Tuesday, June 9, 2015

#189 The Butter Dish

When my great-grandparents died we inherited a butter dish.

“Why is it so fancy?” I asked my mom. Up until we inherited the butter dish, Mom would always put the butter on a plain little plate. Now the butter lay on a crystal platter, cut with little diamond-shapes, under a crystal cover with a crystal rose on the side, surrounded by more little diamond shapes. I could barely tell that it was butter in there, the creamy yellow color had been splintered up by all those little diamonds and scattered all over the outside of the dish.

“It’s from a different era,” Mom stopped to admire the dish before she went back to get the plates so I could set the table. “Back then, people liked everything to be fancy.”

Our first breakfast with the new butter dish, my older brother tried to lift off the cover, but accidentally smeared butter all over the inside. My sister scolded him, but Mom said not to worry about it. She put a little butter on the toast, then closed the cover. That was all the butter we used.

By lunch time the butter was gone.

“Just because we got a new butter dish doesn’t mean you can eat the butter,” Mom looked around the table at all three of us, accusation in her eye.

“I didn’t,” my sister said.
“It wasn’t me!” my brother said.

They all looked at me.

“I haven’t touched it!” I said. Eating butter? Plain? That’s so gross!

Mom opened the lid. The smear on the side from the morning was still there, but the butter that made it was gone, all except a thin layer on the rectangular platter, clouding up the carved starburst pattern on the bottom.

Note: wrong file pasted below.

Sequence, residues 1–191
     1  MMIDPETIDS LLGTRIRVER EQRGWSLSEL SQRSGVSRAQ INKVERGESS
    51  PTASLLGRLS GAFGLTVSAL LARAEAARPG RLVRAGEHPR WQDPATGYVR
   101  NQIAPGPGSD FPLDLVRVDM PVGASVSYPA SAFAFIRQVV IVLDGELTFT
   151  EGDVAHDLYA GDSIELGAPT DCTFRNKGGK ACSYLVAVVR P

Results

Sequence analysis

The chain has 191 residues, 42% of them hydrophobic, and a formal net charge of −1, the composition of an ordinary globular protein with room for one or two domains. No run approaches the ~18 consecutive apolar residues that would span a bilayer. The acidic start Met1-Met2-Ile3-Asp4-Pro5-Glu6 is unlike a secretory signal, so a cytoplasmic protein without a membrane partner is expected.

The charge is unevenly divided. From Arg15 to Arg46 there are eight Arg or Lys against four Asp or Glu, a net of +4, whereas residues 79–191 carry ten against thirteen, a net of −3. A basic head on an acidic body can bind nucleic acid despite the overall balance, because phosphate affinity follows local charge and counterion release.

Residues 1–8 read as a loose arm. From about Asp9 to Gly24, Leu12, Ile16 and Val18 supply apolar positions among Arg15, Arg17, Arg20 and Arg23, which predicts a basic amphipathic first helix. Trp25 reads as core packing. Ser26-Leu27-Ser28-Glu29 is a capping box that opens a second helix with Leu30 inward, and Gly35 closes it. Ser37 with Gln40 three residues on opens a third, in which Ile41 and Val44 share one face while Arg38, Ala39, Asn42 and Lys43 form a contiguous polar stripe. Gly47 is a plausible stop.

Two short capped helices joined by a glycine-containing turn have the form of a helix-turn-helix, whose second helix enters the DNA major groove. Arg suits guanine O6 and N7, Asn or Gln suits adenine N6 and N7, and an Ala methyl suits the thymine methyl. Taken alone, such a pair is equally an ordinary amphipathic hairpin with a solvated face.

I wasn’t paying too much attention to what she did next, which was too bad, because at dinner time she asked us, “Didn’t I put more butter in the dish at lunch time?”

Dad had just asked for the butter, and Mom had just picked up the dish to pass it to him, but then she noticed it was empty. No creamy yellow facets. She set it down and lifted the cover. It looked like it had at lunch time. A little grease on the insides, that was all.

We didn’t know.

This time we all watched Mom put the butter in the dish. We watched Dad put some on his green beans. We watched the cover go back on. After dinner, as I cleared the table, I kept checking to make sure there was still butter in the dish.

Just before I went to bed, I took a toothpick and scratched the word, “Butter” in the stick. Then I snapped the toothpick in half and stuck it in.

The next morning, the butter dish was empty. No partly-used stick of butter. No toothpick. Only a little bit of grease on the dish where the butter had been.

“It’s magic,” my sister concluded. “Let’s do some experiments.”

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